By Zachary A. Goldfarb
Washington Post Staff Writer
Thursday, August 19, 2010; A13
For the all the changes to the regulatory fabric contained in the landmark Dodd-Frank law, none might be more significant to the financial sector's health than Section 956(a).
That largely overlooked provision of the law gives federal agencies expanded powers to write regulations dictating pay at financial firms. How they choose to use these powers could have a major impact on whether banks pursue excessive risks.
"The financial crisis made patently clear that the direct regulation of the choices that banks make is bound to be imperfect because regulators are often following behind," said Lucian A. Bebchuk, a Harvard Law School professor who has advised the Obama administration on executive compensation issues. "It's valuable for regulators to have an extra tool to influence the private incentives that will shape executives' decision-making."
Banking regulators now face a set of choices as they seek to implement the financial pay provisions of the law, which requires action within nine months.
Shortly before the law's passage, regulators issued guidance on bank pay. They can now decide whether to continue with that guidance, which outlines broad principles about how firms should pay their executives, or write specific rules dictating pay schemes.
In either case, they will also have to decide how much compensation packages need to change to discourage bankers from taking excessive risks.
The pay decisions made by regulators will apply not only to banks but also to brokerages, credit unions, investment advisers, Fannie Mae and Freddie Mac, and other financial firms with $1 billion or more in assets.
Many analysts, academics and government officials have blamed the compensation plans that were common on Wall Street before the financial crisis for encouraging executives to take unnecessary risks. These plans put a premium on pursuing short-term profits and increases in stock price.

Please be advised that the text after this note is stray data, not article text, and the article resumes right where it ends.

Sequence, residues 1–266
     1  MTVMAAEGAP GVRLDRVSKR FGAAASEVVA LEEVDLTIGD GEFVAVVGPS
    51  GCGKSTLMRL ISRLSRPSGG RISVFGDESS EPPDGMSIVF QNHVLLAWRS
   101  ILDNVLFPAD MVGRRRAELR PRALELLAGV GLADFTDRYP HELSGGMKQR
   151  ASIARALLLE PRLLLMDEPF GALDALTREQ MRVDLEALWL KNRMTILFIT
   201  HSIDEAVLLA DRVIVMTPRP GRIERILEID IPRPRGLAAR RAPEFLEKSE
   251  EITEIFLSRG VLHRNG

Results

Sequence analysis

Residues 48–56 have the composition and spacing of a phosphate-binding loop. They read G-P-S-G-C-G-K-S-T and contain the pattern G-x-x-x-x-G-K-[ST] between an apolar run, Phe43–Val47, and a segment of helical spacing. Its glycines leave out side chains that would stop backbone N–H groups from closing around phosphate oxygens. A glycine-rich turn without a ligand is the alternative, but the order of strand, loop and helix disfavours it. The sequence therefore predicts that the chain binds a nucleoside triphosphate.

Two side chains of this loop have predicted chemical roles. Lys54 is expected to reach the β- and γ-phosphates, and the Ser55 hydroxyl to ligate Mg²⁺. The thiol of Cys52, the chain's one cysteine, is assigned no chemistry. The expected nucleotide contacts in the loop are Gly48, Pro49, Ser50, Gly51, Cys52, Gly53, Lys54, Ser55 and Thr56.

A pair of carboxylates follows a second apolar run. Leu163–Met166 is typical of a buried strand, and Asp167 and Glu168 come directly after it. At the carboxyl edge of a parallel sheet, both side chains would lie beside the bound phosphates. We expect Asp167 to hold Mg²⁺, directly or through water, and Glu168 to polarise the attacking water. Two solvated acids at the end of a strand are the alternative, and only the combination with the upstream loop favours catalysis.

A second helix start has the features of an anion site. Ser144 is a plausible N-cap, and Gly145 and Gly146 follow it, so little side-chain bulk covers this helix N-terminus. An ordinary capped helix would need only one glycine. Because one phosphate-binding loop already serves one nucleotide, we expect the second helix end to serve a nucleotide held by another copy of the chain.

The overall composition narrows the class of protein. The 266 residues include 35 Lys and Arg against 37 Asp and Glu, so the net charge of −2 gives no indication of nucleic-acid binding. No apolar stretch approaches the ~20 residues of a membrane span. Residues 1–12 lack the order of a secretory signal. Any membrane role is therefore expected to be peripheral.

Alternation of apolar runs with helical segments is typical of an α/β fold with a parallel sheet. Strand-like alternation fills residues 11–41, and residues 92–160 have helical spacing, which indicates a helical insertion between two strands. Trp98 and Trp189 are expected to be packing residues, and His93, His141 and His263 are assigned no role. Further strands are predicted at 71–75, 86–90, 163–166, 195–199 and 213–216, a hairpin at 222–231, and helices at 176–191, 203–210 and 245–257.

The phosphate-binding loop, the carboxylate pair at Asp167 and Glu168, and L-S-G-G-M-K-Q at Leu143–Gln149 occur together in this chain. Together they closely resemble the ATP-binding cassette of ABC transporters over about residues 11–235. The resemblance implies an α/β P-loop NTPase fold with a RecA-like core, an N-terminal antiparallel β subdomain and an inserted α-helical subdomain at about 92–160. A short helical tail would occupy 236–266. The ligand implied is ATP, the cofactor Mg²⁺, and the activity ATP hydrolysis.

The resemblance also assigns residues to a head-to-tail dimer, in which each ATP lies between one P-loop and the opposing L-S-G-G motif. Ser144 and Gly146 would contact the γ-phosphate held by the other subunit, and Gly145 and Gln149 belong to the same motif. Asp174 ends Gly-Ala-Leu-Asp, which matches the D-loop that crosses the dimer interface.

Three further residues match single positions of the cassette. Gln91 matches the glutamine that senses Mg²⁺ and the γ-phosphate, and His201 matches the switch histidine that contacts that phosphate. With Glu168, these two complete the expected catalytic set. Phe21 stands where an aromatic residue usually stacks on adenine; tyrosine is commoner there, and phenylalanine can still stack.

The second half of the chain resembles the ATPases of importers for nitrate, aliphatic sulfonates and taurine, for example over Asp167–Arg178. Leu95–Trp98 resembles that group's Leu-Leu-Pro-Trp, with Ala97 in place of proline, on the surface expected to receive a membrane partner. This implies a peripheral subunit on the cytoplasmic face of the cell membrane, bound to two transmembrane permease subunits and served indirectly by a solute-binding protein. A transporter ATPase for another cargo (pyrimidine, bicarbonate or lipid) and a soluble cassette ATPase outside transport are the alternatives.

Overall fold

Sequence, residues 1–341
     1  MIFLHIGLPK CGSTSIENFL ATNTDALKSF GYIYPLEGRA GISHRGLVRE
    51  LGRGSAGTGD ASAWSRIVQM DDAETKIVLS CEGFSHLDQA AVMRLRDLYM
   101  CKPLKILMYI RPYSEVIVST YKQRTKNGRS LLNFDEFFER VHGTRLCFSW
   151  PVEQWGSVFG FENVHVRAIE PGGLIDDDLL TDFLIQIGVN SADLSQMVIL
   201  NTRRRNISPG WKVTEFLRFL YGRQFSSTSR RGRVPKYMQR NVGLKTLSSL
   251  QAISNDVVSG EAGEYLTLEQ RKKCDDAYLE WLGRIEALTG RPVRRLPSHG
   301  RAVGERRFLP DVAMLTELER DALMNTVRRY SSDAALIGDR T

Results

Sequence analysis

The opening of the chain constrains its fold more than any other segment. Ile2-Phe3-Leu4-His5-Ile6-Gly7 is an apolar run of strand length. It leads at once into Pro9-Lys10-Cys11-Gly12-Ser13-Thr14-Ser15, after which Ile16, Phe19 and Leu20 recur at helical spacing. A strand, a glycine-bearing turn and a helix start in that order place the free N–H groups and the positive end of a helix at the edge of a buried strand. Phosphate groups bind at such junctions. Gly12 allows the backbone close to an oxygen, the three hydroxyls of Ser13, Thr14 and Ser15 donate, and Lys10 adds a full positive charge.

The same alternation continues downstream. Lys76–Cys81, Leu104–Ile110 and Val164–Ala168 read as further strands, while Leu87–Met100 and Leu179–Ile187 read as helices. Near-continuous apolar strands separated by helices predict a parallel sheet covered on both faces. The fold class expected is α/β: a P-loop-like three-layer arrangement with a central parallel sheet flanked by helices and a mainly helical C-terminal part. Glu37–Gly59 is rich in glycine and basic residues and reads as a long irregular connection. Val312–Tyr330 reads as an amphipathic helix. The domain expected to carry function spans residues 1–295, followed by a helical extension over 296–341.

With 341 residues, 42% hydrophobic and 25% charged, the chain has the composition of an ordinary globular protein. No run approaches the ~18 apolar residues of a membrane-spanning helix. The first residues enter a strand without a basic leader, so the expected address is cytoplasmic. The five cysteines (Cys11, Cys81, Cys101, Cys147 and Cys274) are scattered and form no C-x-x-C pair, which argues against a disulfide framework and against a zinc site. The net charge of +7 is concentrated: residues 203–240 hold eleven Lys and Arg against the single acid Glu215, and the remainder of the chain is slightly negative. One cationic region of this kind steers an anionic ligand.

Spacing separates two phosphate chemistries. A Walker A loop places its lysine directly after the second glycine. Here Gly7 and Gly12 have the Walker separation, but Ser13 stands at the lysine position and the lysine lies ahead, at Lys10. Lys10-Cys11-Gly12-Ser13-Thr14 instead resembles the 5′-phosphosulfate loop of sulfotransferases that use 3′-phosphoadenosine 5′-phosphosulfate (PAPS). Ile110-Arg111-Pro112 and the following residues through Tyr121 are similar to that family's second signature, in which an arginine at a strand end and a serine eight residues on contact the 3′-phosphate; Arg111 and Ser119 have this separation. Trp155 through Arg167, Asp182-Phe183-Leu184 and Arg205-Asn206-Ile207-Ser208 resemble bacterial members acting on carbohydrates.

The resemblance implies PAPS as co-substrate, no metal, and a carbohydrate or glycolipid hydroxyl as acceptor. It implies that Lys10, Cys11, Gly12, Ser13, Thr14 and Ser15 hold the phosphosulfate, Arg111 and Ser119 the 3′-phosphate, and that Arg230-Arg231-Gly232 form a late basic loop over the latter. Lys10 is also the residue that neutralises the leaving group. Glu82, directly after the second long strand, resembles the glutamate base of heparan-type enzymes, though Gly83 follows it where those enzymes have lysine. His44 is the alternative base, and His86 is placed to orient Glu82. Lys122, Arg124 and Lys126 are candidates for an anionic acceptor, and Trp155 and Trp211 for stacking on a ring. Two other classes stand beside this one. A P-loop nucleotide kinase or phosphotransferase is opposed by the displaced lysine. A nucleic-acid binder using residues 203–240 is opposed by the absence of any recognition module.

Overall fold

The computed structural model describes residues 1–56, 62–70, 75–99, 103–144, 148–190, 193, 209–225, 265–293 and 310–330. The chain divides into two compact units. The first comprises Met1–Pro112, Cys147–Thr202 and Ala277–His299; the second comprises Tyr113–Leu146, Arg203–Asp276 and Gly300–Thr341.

For now, banking regulators have decided to stick with the guidance-oriented approach they adopted in June. The guidance requires that banks ensure that pay plans reward long-term performance rather than excessive risk-taking; that banks monitor their risks carefully; and that boards play a large role monitoring compensation practices.
Banks must submit plans for overhauling their pay programs to meet the new guidance in coming months, but no deadline has been specified.
Federal regulators considered issuing more specific rules but concluded it was too difficult to come up with pay plans that would meet the needs of the wide range of firms and executives covered, according to sources familiar with regulators' thinking.
But regulators could change their minds, the sources said, speaking on condition of anonymity because they were not authorized to discuss the matter publicly.
A number of leading academics, including Bebchuk, argue that banks need to tie compensation to a broader range of indicators than used previously.
Historically, a company's stock price and annual profits have been among the drivers of banker pay. Academics say these can be good measures for determining compensation but cannot be used alone. For starters, they say, pay should be tied to a bank's stock price and earnings over a three- to five-year period.
But in addition, academics say, bank pay should be tied to more than stock price and annual profits, because the value created for shareholders is not all that a bank represents. The bank has a variety of interests, including bond holders and the government as the ultimate insurer of deposits.
For this reason, compensation should also be linked, for instance, to the value of a bank's debt, according to this view. Alex Edmans and Qi Liu of the University of Pennsylvania described the thinking behind this approach in a recent essay:
"We start with a model in which the CEO chooses between a risky and a safe project. . . . A CEO who holds only equity will take the risky project even when it destroys value because, if he gets lucky and it pays off, his equity will soar; but if it fails, it's bondholders who suffer most of the losses" as in the recent crisis.